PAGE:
Winning the First Battle in the Lifelong War of Art

Click here to get your Advanced Reader’s Copy of The Sand Sea.

A true story from the writing trenches:

About ten years ago I was at a party at my new friend Mike McClellan’s parents’ house. Sometime during the evening Mike tugged me aside and told me he had an idea for a book that he wanted me to write. He had read Gates of Fire and he thought I had the gift for an epic, larger-than-life, historical saga.

Mike proceeded to tell me the story of The River War by Winston Churchill, a monumental tale of the Brits in the Sudan in the late 1800s, when Churchill was a young lieutenant at the battle of Omdurman. Mike was on fire with this story. As he described the arena and the characters and the politics, I had to stop him.

“Mike,” I said, “It’s not me who should write this book. It’s you.”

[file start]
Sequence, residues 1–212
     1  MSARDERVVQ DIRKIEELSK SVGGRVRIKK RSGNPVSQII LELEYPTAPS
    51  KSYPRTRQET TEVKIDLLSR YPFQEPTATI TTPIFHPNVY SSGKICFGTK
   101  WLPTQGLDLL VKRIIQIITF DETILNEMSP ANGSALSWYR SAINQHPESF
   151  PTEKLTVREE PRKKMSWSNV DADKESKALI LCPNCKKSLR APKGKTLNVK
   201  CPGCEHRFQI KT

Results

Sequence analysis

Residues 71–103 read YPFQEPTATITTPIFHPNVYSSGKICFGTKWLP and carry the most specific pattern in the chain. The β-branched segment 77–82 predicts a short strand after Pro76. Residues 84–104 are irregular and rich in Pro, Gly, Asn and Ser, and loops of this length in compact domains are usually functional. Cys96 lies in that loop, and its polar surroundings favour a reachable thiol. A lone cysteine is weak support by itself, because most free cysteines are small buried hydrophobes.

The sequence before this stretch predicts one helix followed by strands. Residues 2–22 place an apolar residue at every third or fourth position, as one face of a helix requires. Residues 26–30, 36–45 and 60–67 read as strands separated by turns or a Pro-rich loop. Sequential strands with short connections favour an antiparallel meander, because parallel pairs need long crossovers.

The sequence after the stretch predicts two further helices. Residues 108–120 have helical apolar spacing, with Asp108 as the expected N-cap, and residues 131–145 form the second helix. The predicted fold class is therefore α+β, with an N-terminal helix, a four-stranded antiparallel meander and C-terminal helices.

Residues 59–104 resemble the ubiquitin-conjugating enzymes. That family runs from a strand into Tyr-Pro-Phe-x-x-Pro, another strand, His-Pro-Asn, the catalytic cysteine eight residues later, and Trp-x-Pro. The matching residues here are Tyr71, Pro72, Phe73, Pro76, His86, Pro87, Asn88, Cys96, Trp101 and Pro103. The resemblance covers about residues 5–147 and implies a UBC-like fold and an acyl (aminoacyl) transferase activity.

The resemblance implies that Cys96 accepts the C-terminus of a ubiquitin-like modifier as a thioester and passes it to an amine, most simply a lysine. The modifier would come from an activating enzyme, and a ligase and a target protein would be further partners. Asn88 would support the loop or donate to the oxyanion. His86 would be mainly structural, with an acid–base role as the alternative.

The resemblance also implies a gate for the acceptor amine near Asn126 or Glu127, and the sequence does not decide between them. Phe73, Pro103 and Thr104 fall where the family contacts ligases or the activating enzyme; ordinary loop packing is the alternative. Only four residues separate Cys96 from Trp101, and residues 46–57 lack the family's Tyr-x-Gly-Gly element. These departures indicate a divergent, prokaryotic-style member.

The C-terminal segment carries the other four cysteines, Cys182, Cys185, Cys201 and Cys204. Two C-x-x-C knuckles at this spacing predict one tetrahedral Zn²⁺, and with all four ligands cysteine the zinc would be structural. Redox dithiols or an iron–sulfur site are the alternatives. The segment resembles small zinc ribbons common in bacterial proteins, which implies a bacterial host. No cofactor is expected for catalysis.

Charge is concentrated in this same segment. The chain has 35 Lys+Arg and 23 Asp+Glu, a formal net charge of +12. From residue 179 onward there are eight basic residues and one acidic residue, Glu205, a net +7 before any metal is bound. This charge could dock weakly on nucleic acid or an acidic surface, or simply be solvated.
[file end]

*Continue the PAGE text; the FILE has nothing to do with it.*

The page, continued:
Short version: Mike did write it, and it came out freakin’ GREAT. Seven hundred and sixty-two pages of high adventure and romance. But here’s the really interesting thing that all of us as writers can relate to. About a year into the writing, Mike found the book morphing into something he hadn’t planned or even imagined.

The story was transforming itself from a straight historical saga to something more like Game of Thrones. In place of real geographic settings, Mike found himself inventing whole oceans and continents. His true historical characters became fictional creations. (And here’s another aspect we’ll all be able to identify with … Mike wrote two hours each morning, never missing a day, while living his real life as a lawyer, husband, and father of two young daughters.) The result is The Sand Sea. It’s exactly the kind of book I love, where the author fashions an entire universe and then sweeps you away into it.

I will say no more, as I don’t want to be guilty of hype. Except click on the link above for the full story on how to get a free eBook advance copy of The Sand Sea.

P.S. If you ever find yourself wanting another writer to write a book you feel burning in your guts, stop yourself and take a deep breath. Then write that book yourself.